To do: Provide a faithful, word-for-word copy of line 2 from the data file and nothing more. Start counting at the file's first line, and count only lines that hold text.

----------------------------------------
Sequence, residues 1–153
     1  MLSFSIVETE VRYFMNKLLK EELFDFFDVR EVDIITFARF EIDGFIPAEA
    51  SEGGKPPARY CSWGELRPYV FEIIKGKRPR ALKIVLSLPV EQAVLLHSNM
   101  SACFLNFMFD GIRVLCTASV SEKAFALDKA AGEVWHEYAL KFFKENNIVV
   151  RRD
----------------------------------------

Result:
     1  MLSFSIVETE VRYFMNKLLK EELFDFFDVR EVDIITFARF EIDGFIPAEA